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This automatically opens up your "Home Folder". This folder contains your Desktop, Downloads, Pictures, Music, etc. This folder will become very useful for you when you start using your Mac to get work done.

Notice the Applications folder underneath your home folder in the left hand column on your Finder window. The Applications folder is where all of your programs installed on your system are kept - rather like C:\Program Files on a Windows machine. To add a program to the Dock, just drag it from the Applications folder to the bottom of the Dock and a shortcut, or as they are called in Mac, an Alias will be made.

Take a while to explore how the Menu Bar, Dock, and Finder work before moving on to the next section.

Applications

Now that you understand some of the basic differences between Windows and OS X, you probably are wanting to browse the internet, or setup your email account. OS X comes installed with excellent alternatives to Internet Explorer and Outlook Express, but included also are a number of very useful applications missing entirely from Windows. Here are a few of the useful built in Applications.

Safari
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Safari is OS X's built in Web browser, similar to Internet Explorer on Windows. It is of course possible to install other Web Browsers if you don't like Safari.

Mail
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Mail is the equivalent of Outlook Express, but more powerful. The current version (3.5) supports Notes (which are really just emails to yourself) and a To-Do feature. Mail also supports automatic setup of some email accounts, including Gmail.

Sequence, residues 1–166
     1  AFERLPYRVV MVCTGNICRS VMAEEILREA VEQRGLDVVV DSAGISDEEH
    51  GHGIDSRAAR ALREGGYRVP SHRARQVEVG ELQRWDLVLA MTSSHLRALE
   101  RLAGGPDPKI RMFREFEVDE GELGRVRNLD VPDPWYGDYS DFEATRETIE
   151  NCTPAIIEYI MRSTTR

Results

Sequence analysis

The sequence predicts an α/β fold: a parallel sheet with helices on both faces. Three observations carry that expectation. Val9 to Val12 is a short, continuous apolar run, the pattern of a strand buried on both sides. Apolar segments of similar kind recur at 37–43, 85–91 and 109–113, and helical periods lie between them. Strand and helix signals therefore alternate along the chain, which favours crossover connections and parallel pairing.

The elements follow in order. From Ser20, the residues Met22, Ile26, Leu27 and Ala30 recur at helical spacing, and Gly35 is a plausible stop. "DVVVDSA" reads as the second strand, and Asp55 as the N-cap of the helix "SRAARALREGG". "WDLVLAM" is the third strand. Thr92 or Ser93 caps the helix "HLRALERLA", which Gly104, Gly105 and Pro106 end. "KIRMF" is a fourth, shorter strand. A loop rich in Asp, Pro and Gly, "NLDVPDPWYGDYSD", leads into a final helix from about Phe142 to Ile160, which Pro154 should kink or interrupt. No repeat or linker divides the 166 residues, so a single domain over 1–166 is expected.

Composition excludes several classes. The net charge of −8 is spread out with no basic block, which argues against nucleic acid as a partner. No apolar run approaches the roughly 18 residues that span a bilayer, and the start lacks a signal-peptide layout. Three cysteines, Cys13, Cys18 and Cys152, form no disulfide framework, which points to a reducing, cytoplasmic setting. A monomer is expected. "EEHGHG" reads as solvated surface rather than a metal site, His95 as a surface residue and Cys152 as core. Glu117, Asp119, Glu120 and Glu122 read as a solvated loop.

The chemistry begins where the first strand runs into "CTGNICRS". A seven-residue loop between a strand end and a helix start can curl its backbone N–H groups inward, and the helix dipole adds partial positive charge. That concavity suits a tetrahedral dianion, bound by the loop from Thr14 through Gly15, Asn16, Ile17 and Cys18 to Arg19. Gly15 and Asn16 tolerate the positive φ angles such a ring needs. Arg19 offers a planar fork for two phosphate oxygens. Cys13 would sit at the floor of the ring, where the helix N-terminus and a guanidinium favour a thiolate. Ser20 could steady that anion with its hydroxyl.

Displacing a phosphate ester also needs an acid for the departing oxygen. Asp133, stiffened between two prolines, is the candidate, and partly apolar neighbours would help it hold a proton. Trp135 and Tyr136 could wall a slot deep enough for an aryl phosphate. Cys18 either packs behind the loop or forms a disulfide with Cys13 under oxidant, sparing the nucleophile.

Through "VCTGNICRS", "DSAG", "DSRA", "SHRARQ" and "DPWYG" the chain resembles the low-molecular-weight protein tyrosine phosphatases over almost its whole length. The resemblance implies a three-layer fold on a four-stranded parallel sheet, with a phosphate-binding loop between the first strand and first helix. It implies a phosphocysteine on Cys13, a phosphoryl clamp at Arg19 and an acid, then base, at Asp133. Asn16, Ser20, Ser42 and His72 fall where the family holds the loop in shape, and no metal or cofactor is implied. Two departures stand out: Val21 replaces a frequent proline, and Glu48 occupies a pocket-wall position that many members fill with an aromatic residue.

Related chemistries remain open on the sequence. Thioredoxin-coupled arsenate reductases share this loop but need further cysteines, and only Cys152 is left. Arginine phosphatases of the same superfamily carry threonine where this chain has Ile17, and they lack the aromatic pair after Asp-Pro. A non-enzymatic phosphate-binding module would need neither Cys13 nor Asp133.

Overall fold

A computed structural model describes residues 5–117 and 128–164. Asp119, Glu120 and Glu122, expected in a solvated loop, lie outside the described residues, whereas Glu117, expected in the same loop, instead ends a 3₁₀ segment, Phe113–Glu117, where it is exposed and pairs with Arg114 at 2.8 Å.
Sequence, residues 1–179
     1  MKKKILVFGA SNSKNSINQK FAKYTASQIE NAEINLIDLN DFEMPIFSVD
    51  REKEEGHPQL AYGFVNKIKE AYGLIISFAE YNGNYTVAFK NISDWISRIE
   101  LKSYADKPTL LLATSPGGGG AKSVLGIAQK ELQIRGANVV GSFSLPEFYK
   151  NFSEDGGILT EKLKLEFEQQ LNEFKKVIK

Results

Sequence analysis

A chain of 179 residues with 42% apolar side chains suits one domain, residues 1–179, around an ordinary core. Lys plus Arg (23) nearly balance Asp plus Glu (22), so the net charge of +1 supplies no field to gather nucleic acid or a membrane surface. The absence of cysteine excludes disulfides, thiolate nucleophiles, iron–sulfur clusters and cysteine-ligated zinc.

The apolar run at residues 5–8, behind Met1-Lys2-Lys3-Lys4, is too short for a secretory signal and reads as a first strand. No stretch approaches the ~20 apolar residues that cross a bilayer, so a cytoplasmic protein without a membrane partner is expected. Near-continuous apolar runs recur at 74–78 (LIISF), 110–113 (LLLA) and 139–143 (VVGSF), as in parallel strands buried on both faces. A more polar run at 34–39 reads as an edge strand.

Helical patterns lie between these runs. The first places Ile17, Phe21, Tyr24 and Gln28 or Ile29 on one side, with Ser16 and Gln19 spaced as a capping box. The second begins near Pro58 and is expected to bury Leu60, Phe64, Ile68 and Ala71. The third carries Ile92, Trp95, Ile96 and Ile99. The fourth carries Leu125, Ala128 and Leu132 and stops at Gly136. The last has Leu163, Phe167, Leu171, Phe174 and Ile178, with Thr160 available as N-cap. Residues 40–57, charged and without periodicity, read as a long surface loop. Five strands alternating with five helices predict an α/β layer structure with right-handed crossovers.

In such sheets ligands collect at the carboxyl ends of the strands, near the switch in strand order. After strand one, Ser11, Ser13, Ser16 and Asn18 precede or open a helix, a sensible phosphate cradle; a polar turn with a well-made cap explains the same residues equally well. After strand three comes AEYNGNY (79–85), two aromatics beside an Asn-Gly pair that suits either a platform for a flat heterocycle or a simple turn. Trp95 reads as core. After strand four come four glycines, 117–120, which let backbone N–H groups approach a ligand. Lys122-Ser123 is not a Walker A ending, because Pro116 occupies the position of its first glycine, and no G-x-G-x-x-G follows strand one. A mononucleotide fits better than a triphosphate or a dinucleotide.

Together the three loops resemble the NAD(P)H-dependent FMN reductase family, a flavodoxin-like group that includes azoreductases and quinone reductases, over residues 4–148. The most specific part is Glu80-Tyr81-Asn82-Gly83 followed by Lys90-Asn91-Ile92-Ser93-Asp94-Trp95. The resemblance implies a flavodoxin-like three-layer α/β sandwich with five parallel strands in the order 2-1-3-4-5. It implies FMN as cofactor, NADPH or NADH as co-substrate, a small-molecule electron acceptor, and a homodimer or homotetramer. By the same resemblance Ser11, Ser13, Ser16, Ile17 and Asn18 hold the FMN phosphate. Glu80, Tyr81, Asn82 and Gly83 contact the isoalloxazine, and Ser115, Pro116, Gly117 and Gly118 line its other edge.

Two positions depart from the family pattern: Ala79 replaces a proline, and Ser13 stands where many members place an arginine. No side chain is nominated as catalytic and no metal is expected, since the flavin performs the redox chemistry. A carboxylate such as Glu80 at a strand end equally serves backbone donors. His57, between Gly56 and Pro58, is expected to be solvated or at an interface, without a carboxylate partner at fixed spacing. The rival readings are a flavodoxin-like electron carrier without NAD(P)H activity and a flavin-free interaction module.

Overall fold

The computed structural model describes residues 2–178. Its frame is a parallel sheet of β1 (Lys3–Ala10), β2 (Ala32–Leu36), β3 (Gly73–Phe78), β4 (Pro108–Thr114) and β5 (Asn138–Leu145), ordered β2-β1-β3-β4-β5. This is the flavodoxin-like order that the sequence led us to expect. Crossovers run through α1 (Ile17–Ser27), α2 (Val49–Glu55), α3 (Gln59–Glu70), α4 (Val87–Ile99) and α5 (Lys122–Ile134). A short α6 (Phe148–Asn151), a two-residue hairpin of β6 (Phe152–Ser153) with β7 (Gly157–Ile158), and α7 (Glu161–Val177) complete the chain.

iCal
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iCal is a simple calendar that you can use as a replacement to an old conventional paper calendar. Additionally, iCal can be configured to sync with Google Calendar with Calaboration.

iPhoto
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iPhoto is one of the most impressive applications on the Mac. In addition to having one of the best organizational interfaces available, iPhoto also comes stocked with cutting-edge features such as Faces (photo recognition technology that identifies people by their faces) and Places (support for GPS enabled cameras).

iTunes
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The Mac version of iTunes is virtually the same as the Windows version, so Windows users used to using iTunes for their music will be right at home with this application. NOTE: Unlike the Windows version, iTunes automatically copies imported music into an application folder outside of the reach of the user.

iMovie
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Like Windows Movie Maker, except for a million times more powerful.

Garage Band
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Software that enables Mac users to create their own music or podcasts.

Window Management: Exposé and Spaces